Now available on CD in Digipak format. Released for short time in 1988 on an indie label and hard to find. Comeback album after a five-year hiatus, with guitarist Lester Hunt impressively replacing co-founder Peter Haycock. Also features core trio of Colin Cooper, Lester Hunt, and George Glover, plus soon-to-be Status-Quo rhythm section of Jeff Rich and John Rhino Edwards. Revisits their smash hit single Couldn't Get It Right and long-time set opener Fool For The Bright Lights among 10 impressive blues-rock tracks. The band play on today with frontman Johnny Mars replacing late Colin Cooper. Booklet with authoritative and extensive liner notes written by respected Record Collector journalist Michael Heatley. Expertly re-mastered superb sound - top quality reproduction. The best in the business!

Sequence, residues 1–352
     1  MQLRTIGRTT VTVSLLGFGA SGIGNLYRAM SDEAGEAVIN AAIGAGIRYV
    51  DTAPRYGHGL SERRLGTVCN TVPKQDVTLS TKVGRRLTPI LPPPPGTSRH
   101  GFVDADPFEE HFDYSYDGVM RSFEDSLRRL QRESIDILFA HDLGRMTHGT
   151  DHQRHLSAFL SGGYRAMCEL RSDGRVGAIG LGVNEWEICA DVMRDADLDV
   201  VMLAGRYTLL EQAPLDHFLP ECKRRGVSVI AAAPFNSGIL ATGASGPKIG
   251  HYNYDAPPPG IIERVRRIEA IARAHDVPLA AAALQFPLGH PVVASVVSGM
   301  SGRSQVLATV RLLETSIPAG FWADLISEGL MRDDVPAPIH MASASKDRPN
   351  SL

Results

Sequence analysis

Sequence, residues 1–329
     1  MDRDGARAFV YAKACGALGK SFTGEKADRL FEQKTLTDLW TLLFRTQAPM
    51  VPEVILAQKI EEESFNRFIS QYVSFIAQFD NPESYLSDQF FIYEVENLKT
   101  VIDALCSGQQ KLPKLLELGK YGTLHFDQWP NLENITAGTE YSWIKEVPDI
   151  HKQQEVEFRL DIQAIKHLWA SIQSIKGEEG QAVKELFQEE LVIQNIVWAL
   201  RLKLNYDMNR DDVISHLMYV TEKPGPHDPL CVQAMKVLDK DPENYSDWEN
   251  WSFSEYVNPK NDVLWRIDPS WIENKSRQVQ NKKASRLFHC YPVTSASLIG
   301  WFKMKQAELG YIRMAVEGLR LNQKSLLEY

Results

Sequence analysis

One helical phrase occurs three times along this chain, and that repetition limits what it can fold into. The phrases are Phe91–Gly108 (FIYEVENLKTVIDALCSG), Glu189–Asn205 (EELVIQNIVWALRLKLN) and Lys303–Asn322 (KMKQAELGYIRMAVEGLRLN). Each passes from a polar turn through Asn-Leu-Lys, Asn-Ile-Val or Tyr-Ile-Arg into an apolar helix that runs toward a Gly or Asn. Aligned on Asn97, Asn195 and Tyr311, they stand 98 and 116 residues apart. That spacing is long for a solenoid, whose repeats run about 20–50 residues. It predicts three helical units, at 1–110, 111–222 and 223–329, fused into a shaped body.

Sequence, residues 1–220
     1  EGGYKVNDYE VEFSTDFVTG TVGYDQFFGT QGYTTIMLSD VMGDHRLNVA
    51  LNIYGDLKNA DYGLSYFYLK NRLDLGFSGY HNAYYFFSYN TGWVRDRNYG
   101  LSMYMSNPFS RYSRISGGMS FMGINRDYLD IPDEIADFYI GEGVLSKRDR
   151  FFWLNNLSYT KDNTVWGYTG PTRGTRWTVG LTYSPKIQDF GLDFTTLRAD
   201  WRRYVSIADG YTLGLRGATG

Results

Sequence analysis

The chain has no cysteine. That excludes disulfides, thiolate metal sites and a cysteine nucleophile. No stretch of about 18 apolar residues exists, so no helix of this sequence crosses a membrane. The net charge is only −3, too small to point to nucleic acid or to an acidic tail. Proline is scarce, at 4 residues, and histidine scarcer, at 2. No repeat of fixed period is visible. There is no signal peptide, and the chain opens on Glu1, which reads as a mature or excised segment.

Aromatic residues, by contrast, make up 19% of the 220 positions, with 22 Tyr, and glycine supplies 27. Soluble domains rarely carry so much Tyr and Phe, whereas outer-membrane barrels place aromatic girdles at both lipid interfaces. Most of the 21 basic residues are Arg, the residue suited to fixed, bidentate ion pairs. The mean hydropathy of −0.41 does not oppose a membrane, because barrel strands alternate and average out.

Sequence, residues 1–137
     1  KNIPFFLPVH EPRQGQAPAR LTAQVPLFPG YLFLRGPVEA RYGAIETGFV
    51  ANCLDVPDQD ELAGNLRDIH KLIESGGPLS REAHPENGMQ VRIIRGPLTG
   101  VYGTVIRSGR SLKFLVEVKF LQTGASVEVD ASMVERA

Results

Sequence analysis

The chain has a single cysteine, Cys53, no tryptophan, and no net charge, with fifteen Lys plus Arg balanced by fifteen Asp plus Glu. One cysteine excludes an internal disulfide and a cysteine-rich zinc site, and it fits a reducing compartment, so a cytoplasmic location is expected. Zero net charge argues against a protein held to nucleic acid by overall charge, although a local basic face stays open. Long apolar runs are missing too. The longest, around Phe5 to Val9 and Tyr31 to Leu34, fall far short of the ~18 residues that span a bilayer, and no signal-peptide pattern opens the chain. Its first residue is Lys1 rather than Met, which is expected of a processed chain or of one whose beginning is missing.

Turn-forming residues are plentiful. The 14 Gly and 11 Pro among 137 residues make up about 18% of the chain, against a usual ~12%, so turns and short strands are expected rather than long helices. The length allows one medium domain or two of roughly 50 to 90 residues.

In 1981 the Climax Blues Band was located in Los Angeles, recording yet another album to meet the heavy demand for their musical aspirations. Lucky For Some featured, once again, the tightly knit line up of Peter Haycock on guitar and vocals, Colin Cooper on vocals and saxophone, Derek Holt on vocals, bass guitar and keyboards and John Cuffley on drums. By now, the band had been on the road for a decade or more and played with a telepathic sense of communication on these nine superb original LP tracks, including four Haycock originals. But the guys were also helped out in the studio by some distinguished guests, notably the late session keyboard player Nicky Hopkins and vocalist Glenn Hughes. Complete with a saucy album cover design, Lucky For Some has some hot performances like Peter's Shake It Lucy and Derek Holt's Breakdown , plus a bonus track Darlin (single version).